• There are 21 million girls ages 10-19 living in the United States, and they are more educated, socially connected and empowered than ever before in history.
Shannon McNamara, 17, serves on the Girl Up Teen Advisory Board and is happy to be part of the Girl Up campaign. She is a senior at Ridge High School, in Basking Ridge, New Jersey. Three years ago she founded a nonprofit organization, SHARE (Shannon’s After-school Reading Exchange) to empower girls in Africa through education. She has traveled the last three summers to Tanzania to work on SHARE. During the school year McNamara spreads awareness for SHARE by speaking to organizations across the country about the plight of the African girls. She also promotes youth involvement and mobilizes kids her age to support SHARE’s efforts.
McNamara has been a Girl Scout for 12 years. She serves as a National Girl Scout Consultant, and throughout the year works with the National Board of Directors and staff at Girl Scouts USA. Prior to her service work in Africa, McNamara volunteered in Peru, Costa Rica, and India. She is a member of the National Honors Society and runs Cross Country for her school. She has lived overseas twice (Ireland and New Zealand) and continues to be an avid traveler.
WhiteHouse.gov provides both video and a transcript of Michelle Obama’s remarks during the White House International Women’s Day Reception. Shannon spoke on camera prior to the reception about the importance of International Women’s Day. The video is available at www.youtube.com/girlupcampaign.
About Girl Up
Girl Up, a campaign of the United Nations Foundation, gives American girls the opportunity to channel their energy and compassion to raise awareness and funds for programs of the United Nations that help some of the world’s hardest-to-reach adolescent girls. Through Girl Up’s support, girls have the opportunity to become educated, healthy, safe, counted and positioned to be the next generation of leaders. Campaign supporters are encouraged to give a “High Five” to girls in developing countries by donating $5 or more to provide girls with such basic needs as access to school supplies, clean water, life-saving health services, safety from violence and more. Founding campaign partners include MTV Networks, National Coalition of Girls’ Schools, Women’s National Basketball Association, Ivanka Trump Fine Jewelry, Girls Inc., and Camp Fire USA. Go to GirlUp.org to learn more.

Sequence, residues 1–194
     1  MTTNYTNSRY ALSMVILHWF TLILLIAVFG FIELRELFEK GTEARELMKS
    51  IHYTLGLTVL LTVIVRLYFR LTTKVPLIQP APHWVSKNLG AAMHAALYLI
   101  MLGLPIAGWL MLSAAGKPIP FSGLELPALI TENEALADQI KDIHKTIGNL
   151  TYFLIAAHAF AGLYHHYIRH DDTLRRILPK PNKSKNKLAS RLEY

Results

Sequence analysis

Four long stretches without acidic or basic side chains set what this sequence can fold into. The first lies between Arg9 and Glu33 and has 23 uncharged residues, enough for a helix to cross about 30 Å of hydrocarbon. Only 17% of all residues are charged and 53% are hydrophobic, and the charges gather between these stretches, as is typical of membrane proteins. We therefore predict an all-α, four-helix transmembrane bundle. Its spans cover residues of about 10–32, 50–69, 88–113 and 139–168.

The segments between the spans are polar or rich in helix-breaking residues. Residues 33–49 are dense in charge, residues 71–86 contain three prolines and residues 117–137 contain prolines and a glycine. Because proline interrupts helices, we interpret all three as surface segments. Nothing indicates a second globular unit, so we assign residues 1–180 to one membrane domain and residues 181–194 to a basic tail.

About the United Nations Foundation
The United Nations Foundation, a public charity, was created in 1998 with entrepreneur and philanthropist Ted Turner’s historic $1 billion gift to support UN causes and activities. We build and implement public/private partnerships to address the world’s most pressing problems, and work to broaden support for the UN through advocacy and public outreach. Through our campaigns and partnerships, we connect people, ideas, and resources to help the UN solve global problems. These campaigns focus on reducing child mortality, empowering women and girls, creating a new energy future, securing peace and human rights, and promoting technology innovation to improve health outcomes. These solutions are helping the UN advance the eight global targets known as the Millennium Development Goals (MDGs). For more information, visit www.unfoundation.org.